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Clinical data
Trade namesPalfium
AHFS/Drugs.comInternational Drug Names
  • AU: C
Routes of
Oral, Rectal, Intravenous, Insufflation[1]
ATC code
Legal status
Legal status
Pharmacokinetic data
Protein bindingHigh[2]
MetabolismLiver, partly mediated by CYP3A4[2]
Elimination half-life3.5 hours[2]
ExcretionUrine, faeces[2]
CAS Number
PubChem CID
CompTox Dashboard (EPA)
ECHA InfoCard100.006.013 Edit this at Wikidata
Chemical and physical data
Molar mass392.534 g·mol−1
3D model (JSmol)
 ☒NcheckY (what is this?)  (verify)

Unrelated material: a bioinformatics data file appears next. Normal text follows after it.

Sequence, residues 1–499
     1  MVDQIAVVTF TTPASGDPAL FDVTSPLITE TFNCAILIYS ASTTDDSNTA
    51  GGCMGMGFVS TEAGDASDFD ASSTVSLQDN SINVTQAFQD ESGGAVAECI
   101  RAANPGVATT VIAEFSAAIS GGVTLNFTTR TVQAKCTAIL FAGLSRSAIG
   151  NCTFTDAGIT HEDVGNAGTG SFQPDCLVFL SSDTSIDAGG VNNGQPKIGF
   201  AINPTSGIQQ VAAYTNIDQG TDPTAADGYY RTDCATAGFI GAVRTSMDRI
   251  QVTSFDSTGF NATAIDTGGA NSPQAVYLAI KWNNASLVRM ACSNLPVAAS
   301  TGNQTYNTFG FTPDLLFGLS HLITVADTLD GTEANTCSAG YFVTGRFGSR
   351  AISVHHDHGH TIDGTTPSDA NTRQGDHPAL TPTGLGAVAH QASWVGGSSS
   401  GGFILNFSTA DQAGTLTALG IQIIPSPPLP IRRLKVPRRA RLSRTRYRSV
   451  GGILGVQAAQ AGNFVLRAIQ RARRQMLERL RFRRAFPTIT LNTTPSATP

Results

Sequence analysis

Dextromoramide[3] (Palfium, Palphium, Jetrium, Dimorlin)[4] is a powerful opioid analgesic approximately three times more potent than morphine but shorter acting.[5] It is subject to drug prohibition regimes, both internationally through UN treaties and by the criminal law of individual states. The abuse potential by those who only have mild or no pain does exist, thus responsibility over supply, prescription, and dosage is a touchy subject among the international communities. Usually, it is marketed solely in the Netherlands, while in the UK Diamorphine or morphine are preferred, in the US, hydrocodone and oxycodone are sometimes used, and in the Scandinavian countries, medicines like ketobemidone are available to doctors in such dire cases. Both the US and to a leaser extent, the EU have faced a problem with opioid abusers creating a stigma or difficulty around prescribing in palliative care and when very strong opioid are indeed indicated. The legal and moral responsibility remains with the prescriber, clinician and to some extent the pharmacist, rather than purely regulatory or government authorities to solely dictate the way in which severe pain and suffering are approached. Some barriers to entry may be required, simply to protect patients or addicts from escalating their usage to an uncontrollable or severely toxic level, this treatening both their life and quality of life, however this does not preclude sparing and even liberal use of palliative medications when they are indicated, to end or lessen severe pain and suffering, including the worst aspect of terminal disease in the physiological sense, as well as in the literal sense - in reference to pain receptors in the central and peripheral nervous system responding to real stimuli. In the case of purely psychological or phaocaomoatic pain, a better approach can include low dose methylphenidate, hydrocodone, or a typical serotonergic antidepressant. However it cannot be denied that in very severe treatment resistant depression that has not responded to any of the typical, atypical, or even off label agents available, then opioid can be trialled with care.[citation needed]